Next, FIG. 19 illustrates details of the flip-flop illustrated in FIG. 18. A flip-flop illustrated in FIG. 19 includes a first thin film transistor 5571, a second thin film transistor 5572, a third thin film transistor 5573, a fourth thin film transistor 5574, a fifth thin film transistor 5575, a sixth thin film transistor 5576, a seventh thin film transistor 5577, and an eighth thin film transistor 5578. Each of the first thin film transistor 5571, the second thin film transistor 5572, the third thin film transistor 5573, the fourth thin film transistor 5574, the fifth thin film transistor 5575, the sixth thin film transistor 5576, the seventh thin film transistor 5577, and the eighth thin film transistor 5578 is an n-channel transistor and is turned on when the gate-source voltage (Vgs) exceeds the threshold voltage (Vth).

In addition, the flip-flop illustrated in FIG. 19 includes a first wiring 5501, a second wiring 5502, a third wiring 5503, a fourth wiring 5504, a fifth wiring 5505, and a sixth wiring 5506.

Note that all thin film transistors here are enhancement-mode n-channel transistors; however, the present invention is not limited thereto. For example, the driver circuit can be operated using depression-mode n-channel transistors.

Next, a connection structure of the flip-flop illustrated in FIG. 18 is described below.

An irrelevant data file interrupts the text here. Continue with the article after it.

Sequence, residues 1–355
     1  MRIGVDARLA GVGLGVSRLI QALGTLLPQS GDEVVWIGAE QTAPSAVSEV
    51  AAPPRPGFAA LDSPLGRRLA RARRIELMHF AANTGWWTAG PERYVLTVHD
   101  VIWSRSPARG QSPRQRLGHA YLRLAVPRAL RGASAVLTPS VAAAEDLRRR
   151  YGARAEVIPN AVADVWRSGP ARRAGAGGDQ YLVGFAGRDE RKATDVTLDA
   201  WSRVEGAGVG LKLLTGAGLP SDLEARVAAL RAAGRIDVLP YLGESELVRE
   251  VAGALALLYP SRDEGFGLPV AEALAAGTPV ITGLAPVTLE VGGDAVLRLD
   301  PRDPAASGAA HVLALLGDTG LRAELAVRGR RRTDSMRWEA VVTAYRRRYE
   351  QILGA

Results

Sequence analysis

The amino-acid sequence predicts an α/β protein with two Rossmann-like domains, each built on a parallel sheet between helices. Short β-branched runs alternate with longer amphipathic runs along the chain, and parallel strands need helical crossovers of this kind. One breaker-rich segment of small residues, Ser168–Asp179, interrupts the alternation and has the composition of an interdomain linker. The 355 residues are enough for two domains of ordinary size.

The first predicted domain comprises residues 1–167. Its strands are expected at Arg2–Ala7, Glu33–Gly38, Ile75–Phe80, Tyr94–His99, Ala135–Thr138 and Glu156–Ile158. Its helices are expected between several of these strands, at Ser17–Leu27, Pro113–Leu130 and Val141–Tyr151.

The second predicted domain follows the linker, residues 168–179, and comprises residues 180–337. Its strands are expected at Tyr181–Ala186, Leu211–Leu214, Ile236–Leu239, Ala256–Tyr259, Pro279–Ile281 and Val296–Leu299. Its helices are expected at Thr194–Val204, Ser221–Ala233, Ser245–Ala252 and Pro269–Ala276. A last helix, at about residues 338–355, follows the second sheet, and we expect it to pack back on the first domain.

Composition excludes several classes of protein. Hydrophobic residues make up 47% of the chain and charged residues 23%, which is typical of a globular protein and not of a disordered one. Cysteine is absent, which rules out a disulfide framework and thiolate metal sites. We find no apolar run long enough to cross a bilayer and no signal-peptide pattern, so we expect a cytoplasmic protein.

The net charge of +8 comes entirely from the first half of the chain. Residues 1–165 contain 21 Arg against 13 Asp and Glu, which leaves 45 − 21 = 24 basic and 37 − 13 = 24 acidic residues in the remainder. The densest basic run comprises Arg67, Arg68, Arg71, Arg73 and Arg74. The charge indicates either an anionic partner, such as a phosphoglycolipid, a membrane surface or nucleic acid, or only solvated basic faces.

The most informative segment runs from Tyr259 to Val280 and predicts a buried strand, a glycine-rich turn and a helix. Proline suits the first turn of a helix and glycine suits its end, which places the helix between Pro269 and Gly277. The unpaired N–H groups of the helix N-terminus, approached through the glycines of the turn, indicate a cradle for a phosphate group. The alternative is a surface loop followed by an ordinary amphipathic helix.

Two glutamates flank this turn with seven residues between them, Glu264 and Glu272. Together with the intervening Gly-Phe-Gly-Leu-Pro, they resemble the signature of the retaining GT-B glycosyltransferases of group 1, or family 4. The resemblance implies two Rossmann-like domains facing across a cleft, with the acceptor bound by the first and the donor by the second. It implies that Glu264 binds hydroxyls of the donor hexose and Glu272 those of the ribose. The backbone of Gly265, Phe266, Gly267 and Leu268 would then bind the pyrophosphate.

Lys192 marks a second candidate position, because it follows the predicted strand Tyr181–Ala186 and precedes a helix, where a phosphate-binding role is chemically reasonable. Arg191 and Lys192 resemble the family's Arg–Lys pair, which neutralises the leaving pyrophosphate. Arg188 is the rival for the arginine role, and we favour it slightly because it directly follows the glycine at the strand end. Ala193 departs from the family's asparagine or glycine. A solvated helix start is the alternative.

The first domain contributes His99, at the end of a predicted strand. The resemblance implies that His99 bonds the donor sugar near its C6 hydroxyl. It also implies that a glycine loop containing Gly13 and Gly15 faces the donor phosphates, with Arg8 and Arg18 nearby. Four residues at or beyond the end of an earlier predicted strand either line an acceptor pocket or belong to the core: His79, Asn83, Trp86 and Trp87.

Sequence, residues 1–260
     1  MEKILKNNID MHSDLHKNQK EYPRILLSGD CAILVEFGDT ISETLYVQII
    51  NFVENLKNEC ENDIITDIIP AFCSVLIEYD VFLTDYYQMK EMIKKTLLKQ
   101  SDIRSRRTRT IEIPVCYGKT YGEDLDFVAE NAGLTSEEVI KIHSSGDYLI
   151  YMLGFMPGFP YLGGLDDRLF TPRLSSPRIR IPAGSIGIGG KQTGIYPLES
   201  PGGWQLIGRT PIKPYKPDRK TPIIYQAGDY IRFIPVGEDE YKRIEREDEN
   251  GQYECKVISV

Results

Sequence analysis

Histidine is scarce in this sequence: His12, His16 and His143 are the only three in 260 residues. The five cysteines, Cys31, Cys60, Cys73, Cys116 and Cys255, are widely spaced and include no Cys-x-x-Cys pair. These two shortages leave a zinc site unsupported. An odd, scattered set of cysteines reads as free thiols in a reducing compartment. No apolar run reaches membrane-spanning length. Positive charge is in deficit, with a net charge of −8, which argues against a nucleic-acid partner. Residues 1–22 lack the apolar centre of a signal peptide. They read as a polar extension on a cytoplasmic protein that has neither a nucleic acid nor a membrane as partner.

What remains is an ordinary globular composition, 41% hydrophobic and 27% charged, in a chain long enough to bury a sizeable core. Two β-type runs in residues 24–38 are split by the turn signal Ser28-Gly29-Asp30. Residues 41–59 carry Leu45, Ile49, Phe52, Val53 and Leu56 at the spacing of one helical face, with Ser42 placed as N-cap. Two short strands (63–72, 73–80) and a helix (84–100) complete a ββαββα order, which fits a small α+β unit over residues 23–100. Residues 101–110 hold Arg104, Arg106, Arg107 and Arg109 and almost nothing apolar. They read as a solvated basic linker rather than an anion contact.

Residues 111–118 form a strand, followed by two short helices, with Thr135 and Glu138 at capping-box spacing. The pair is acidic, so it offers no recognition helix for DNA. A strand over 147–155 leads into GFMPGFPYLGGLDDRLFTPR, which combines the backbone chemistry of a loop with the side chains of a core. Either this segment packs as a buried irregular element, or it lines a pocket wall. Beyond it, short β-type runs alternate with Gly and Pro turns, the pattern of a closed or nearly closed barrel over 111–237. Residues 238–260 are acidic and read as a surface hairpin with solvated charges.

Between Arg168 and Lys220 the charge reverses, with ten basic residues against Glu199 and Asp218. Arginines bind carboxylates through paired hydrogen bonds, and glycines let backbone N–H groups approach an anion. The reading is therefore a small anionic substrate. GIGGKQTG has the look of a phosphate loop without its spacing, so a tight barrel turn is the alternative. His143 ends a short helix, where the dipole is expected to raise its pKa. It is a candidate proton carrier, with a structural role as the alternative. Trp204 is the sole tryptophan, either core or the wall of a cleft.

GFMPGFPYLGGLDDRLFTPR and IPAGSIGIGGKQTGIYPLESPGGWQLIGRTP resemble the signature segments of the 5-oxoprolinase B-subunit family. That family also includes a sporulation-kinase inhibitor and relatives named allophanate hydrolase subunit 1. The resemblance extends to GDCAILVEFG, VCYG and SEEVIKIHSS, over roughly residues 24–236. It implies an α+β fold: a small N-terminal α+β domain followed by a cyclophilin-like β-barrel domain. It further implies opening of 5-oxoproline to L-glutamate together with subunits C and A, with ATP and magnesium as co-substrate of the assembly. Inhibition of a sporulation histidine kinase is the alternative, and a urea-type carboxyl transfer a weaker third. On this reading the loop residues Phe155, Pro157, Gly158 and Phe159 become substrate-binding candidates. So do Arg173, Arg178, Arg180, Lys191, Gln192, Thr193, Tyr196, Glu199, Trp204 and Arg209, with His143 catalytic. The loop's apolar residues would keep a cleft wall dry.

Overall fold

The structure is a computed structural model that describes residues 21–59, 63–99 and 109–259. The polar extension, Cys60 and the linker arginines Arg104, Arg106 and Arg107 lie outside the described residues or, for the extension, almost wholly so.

A first electrode (one of a source electrode and a drain electrode) of the first thin film transistor 5571 is connected to the fourth wiring 5504. A second electrode (the other of the source electrode and the drain electrode) of the first thin film transistor 5571 is connected to the third wiring 5503.

A first electrode of the second thin film transistor 5572 is connected to the sixth wiring 5506 and a second electrode of the second thin film transistor 5572 is connected to the third wiring 5503.

A first electrode and a gate electrode of the third thin film transistor 5573 are connected to the fifth wiring 5505 and a second electrode of the third thin film transistor 5573 is connected to the gate electrode of the second thin film transistor 5572.

A first electrode of the fourth thin film transistor 5574 is connected to the sixth wiring 5506, a gate electrode of the fourth thin film transistor 5574 is connected to the gate electrode of the first thin film transistor 5571, and a second electrode of the fourth thin film transistor 5574 is connected to the gate electrode of the second thin film transistor 5572.

A first electrode of the fifth thin film transistor 5575 is connected to the fifth wiring 5505, a gate electrode of the fifth thin film transistor 5575 is connected to the first wiring 5501, and a second electrode of the fifth thin film transistor 5575 is connected to the gate electrode of the first thin film transistor 5571.

A first electrode of the sixth thin film transistor 5576 is connected to the sixth wiring 5506, a gate electrode of the sixth thin film transistor 5576 is connected to the gate electrode of the second thin film transistor 5572, and a second electrode of the sixth thin film transistor 5576 is connected to the gate electrode of the first thin film transistor 5571.

A first electrode of the seventh thin film transistor 5577 is connected to the sixth wiring 5506, a gate electrode of the seventh thin film transistor 5577 is connected to the second wiring 5502, and a second electrode of the seventh thin film transistor 5577 is connected to the gate electrode of the first thin film transistor 5571.